Sri Guru Amar Das, though born in 1479, became the Guru in 1552 when he was in his seventies. Guru Amardas ji were born as Bhalla Khatri at village Basarke about 13 kms south-west of Amritsar. His father was Tej Bhan Bhalla,, a local petty trader. They were all staunch sanatanists, and vegetarians. Guru Amar […]
Sri Guru Amar Das, though born in 1479, became the Guru in 1552 when he was in his seventies. Guru Amardas ji were born as Bhalla Khatri at village Basarke about 13 kms south-west of Amritsar. His father was Tej Bhan Bhalla,, a local petty trader. They were all staunch sanatanists, and vegetarians. Guru Amar das had a wife, two sons and two daughters. He often went to Haridwar and Jwalamukhi on pilgrimages and strictly observed all religious rites and ceromonies.
Before coming into contact with Sikhkism Guru Amar Das had crossed sixty years of age. His brother Manak chand lived nearby his house, Manak Chand’s wife Bibi Amro use to sing Guru Nanak’s hymns. Bhai Amar Das (Later Guru) must have heard her singing many times before. He engquired whose hymns she was singing and immediately made up his mind to call on Guru Angad. It was in 1541, when Amardas was 62 years old. Guru Amardas ji were on Guruship from 1552 to 1574, he moved to Goindwal from Khadur to avoid conflict with Guru Angad’s son’s., elder of whom named Datu had declared himself as a Guru. Gurdwara Baoli Sahib at Goindwal , Got constructed by Guru Amardas ji
All the same he took many significant steps. He established new centres for conveying to the people the message of Guru Nanak. Guru Amardas ji, condemnned Hindus for Sati, allowed widow remarriage and against Caste systems he started Guru Ka Langar. He passed on his Guru Ship to his son in law, Ramdas Sodhi, who was his most devoted disciple. Guru Amardas ji organised the proleystaion of Sikh faith into Manjis. He divided the area into 22 branches called Manjis and appointed a local Sikh preacher at each place. The preacher sat on a Manji (a cot) while the congregation all around it. Here are the name of the people he appointed to preach Sikhism.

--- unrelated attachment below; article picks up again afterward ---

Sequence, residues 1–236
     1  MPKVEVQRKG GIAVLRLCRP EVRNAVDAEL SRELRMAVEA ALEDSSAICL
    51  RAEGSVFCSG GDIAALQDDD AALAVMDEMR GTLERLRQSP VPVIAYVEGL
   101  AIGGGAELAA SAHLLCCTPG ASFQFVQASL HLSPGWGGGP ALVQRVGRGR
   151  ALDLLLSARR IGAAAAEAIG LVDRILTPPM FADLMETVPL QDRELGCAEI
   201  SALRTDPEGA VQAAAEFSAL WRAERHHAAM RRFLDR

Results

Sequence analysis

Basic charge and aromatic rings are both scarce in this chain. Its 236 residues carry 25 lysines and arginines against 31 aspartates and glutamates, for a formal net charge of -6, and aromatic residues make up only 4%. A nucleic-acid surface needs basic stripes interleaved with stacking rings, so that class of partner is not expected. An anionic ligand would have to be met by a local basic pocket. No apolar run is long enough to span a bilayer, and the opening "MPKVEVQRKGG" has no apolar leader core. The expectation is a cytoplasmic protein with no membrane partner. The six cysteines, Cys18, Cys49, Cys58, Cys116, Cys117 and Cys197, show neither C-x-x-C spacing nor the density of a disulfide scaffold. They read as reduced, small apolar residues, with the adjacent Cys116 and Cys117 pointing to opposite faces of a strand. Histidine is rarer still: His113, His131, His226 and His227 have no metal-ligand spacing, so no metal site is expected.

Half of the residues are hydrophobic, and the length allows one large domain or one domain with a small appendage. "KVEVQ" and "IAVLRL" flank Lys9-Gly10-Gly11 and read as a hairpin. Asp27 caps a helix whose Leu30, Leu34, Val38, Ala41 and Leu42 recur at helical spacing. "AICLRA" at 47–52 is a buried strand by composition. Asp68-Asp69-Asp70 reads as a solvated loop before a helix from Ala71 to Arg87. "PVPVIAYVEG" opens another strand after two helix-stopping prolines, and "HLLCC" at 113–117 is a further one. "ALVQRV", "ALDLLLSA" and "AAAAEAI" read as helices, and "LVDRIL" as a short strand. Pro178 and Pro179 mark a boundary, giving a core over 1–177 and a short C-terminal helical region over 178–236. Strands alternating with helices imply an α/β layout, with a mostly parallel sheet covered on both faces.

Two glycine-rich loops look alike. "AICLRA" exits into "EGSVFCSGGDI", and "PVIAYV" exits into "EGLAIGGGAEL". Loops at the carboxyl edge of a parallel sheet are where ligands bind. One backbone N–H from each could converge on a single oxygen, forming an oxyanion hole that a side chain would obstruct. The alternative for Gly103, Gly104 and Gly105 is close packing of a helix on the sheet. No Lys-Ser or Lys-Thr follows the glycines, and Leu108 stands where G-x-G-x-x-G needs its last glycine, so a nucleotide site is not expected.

in the area of Majha (Amritsar, Lahore, Sialkote)
- Manak Chand Jhinwar (Water Carrier) at Variowal in Amritsar.
- Sada ram, a Blacksmith near Amritsar.
- Hindal at Jandiala near Amritsar.
- Gangu Shah banker at Lahore.
- Mutho-Murari, a devoted couple, at Chunian in Lahore Dist.
In Jalandhar Doab
- Paro Julka at Jalandar.
- Mahesh Dhir at Sultanpur Lodi.
In Kangra Hills.
- Sawan mal, Nephew of Guru Amar Das, at Haripur Guler.
- Name not given, at Dharamsala.
- Phirya at Mirpur.
Malwa (Area of Patiala, Ludhiana, Bhatinda)
- Kheira at Firozpur.
- Mai Das Bairagi in charge of Ludhiana dist.
- Mai Bhago at village Wayun, tehsil Kharar, dist. Rupar.
- Mai Sewan at Village Gardnoh in Patiala District.
- Sachna Shah in charge of Ambala distt.
- Lalu in chage of some area in Sind.
He started the system of holding two annual gatherings of his disciples from all over the country. At his headquarters, he undertook the construction of a baoli (a well with a perennial source of spring water). For the Sikhs the headquarters of the Guru and this baoli became a holy place of pilgrimage.
Guru Angad had collected the hymns of Guru Nanak. To these Guru Amar Das added the hymns of the former as well as his own. Guru Amardas appointed three women as preachers was a unique contribution of Amardas. Guru Amardas ji were highle pleased with one of his disciple named Bhai Jetha, first Guru Amardas ji married his daughter Bibi Bhani to Bhai Jetha, and then delighted with the couple’s devotion, he passed on the Guruship to Bhai Jetha as Guru Ramdas. In his devotion to Guru Nanak, Guru Angad, God and his Sikhs Guru Amardas was as firm as a rock. He departed from this world on September 1, 1574.
They administered both to the religious and the temporal needs of the disciples; for, in the Guru’s system legitimate temporal needs were included in the religious needs. They collected offerings from the disciples and sent them to the Guru for the common use of the community. The Guru himself earned his living as a small tradesman. Langar during early sikh times as painted by Bhai Vir Singh
As an anti-caste and anti-pollution measure, he made it incumbent that no one, irrespective of his status or caste, could see him unless he had first partaken, along with others, of the food cooked at the common kitchen. Emperor Akbar had also to dine at the langar before he met the Guru.
In his time, ascetics and recluses again made an attempt to enter the Guru’s flock. But the Guru issued a final injunction that no recluse or ascetic could be a Sikh. He also denounced the system of sati and of purdah among women.
According to the Guru, the human body was the temple of God. He, therefore, laid emphasis on keeping it healthy and sound to the end. For the same reason, he denounced the ascetic practices of torturing the body. The Guru felt that the health of the body could not be divorced from moral and spiritual well-being.